Think about a business model from day one

This seems obvious, but you’d be surprised how often open-source entrepreneurs think of their business model only after their free-software downloads are off the charts. In contrast, our experience suggests that some of the best open-source companies had a clear idea of how they were going to make money from their early days.

Companies often do this by selling enterprise versions of open-source projects with extra security and management features. These are designed to appeal to the large enterprises that are big IT spenders. Another option is to offer a premium SaaS service, essentially a pay-as-you-go model. While delivering a reliable service can be difficult — namely, packaging many open-source components together into one compelling, cloud-based offering — SaaS can be another route to revenue.

Red Hat is a good example of a company that thought about monetization from the get-go. Early on, when the company was shifting from shipping Linux CDs in textbooks toward selling to big enterprises, executives drew a clear delineation between the company’s free Fedora user community and the more sophisticated Red Hat Enterprise Linux (RHEL) product. They recognized that their target buyers — CIOs and operations executives — valued stability over features, and these execs wanted an enterprise-grade, paid product supporting their core Linux applications.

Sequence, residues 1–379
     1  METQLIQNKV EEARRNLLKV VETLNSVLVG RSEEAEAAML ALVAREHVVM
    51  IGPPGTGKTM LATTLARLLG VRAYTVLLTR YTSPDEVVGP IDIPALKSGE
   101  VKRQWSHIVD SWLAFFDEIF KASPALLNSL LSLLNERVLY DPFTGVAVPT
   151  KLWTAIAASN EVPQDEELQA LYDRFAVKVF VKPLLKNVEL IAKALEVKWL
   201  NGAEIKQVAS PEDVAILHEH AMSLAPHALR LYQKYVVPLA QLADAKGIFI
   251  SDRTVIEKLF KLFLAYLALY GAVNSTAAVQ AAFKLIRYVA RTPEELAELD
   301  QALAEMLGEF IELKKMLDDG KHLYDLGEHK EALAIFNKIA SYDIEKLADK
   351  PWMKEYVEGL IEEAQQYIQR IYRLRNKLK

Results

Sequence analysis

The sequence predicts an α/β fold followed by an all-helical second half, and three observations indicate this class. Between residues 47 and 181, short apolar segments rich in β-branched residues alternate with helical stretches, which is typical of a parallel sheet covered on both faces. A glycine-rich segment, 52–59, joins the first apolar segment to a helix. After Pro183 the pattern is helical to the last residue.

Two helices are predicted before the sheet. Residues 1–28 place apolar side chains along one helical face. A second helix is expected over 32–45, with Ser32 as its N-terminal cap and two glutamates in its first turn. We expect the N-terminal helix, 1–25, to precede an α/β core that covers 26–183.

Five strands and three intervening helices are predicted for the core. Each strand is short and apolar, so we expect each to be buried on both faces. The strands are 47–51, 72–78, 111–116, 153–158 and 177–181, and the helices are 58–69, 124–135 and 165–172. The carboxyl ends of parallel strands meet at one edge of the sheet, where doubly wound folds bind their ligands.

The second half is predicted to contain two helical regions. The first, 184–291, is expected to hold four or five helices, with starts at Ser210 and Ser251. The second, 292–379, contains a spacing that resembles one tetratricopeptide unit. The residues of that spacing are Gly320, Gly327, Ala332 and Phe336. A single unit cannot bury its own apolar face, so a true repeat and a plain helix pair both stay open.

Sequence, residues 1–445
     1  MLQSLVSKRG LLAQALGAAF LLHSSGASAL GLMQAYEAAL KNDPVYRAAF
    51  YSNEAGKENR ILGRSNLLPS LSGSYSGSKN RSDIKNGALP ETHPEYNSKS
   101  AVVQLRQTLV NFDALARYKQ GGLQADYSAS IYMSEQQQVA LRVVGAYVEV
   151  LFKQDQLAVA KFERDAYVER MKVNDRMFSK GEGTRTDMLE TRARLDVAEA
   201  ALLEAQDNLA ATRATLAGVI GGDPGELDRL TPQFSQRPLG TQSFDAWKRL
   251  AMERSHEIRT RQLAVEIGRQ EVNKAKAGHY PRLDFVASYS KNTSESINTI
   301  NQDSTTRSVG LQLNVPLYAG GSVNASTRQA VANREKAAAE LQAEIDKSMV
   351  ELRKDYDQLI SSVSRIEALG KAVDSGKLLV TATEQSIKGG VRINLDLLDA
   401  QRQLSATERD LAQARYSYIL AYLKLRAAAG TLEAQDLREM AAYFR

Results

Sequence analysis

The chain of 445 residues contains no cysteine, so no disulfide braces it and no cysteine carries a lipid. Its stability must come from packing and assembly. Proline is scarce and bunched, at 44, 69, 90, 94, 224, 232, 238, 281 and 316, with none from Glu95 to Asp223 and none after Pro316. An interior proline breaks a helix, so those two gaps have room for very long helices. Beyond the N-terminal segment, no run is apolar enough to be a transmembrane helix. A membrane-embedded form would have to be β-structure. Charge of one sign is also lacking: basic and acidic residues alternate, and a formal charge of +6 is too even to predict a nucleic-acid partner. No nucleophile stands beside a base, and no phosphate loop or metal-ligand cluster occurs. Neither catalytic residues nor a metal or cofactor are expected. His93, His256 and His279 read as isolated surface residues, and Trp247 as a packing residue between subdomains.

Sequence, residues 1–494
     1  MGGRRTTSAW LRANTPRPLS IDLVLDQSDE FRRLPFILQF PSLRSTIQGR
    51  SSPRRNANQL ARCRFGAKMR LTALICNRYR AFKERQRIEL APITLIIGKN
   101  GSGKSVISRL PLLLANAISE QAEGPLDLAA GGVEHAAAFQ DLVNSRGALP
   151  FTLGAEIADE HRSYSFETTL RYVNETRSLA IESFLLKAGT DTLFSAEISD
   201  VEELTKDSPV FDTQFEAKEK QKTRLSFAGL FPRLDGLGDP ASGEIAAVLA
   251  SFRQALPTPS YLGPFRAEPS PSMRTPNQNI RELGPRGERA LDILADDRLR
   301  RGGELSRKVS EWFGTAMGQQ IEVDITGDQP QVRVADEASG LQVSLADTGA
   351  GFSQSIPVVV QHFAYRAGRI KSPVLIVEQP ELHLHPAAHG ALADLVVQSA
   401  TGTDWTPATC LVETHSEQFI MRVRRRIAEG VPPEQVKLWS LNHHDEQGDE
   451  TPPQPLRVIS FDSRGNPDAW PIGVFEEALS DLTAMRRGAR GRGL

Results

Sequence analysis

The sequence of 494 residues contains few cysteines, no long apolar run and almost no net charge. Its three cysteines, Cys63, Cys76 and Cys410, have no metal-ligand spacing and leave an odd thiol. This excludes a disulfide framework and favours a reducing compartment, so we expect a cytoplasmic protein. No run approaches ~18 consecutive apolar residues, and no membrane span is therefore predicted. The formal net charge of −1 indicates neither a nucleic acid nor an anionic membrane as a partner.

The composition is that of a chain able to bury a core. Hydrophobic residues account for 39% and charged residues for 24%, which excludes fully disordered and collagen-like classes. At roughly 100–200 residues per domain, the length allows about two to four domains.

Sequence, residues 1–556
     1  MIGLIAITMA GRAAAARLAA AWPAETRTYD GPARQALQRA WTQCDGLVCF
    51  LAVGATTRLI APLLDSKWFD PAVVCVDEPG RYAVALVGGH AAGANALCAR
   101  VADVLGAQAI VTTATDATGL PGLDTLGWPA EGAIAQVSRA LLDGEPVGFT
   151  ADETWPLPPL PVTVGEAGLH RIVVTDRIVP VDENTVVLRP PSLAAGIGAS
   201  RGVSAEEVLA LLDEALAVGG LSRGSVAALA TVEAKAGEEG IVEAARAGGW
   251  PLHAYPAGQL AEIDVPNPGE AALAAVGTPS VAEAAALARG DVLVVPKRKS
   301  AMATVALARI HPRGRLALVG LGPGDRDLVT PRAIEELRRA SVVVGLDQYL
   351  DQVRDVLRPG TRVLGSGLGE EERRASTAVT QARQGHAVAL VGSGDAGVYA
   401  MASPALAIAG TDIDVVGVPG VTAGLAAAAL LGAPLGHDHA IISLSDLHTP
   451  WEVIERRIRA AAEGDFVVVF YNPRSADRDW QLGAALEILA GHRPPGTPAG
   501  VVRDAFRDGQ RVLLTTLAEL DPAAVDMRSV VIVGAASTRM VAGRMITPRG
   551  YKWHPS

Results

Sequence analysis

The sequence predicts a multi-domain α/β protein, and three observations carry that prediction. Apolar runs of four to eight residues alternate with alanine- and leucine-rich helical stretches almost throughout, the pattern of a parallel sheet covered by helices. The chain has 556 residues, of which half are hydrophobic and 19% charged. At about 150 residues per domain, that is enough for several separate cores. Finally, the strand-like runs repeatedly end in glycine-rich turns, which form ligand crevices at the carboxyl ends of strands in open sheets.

Some of the best open-source companies had a clear idea of how they were going to make money from their early days.

So while Red Hat maintained a vibrant open-source community around Fedora, updating it with new features and releases every six months, the company marketed enterprise-grade security and optimization on standard Intel hardware to people using the paid enterprise product. This allowed Red Hat to build a recurring revenue stream of more than $1 billion from enterprise customers; it also, more broadly, helped Linux become the most widely adopted server operating system.

Another forward-thinking open-source company, Cloudera, comes from the big-data world, where several companies are trying to commercialize the open-source project called Hadoop. Like Red Hat, Cloudera has reserved some important enterprise features — security, performance and business analytics — for its higher-end product, called Enterprise Data Hub. Meanwhile, big-data competitor Hortonworks is trying to make money from paid product support, which may be a more difficult model.


Ever wondered how to sell software that you don’t own. In this session we will talk about running a consulting business and how you can use open source software to make money.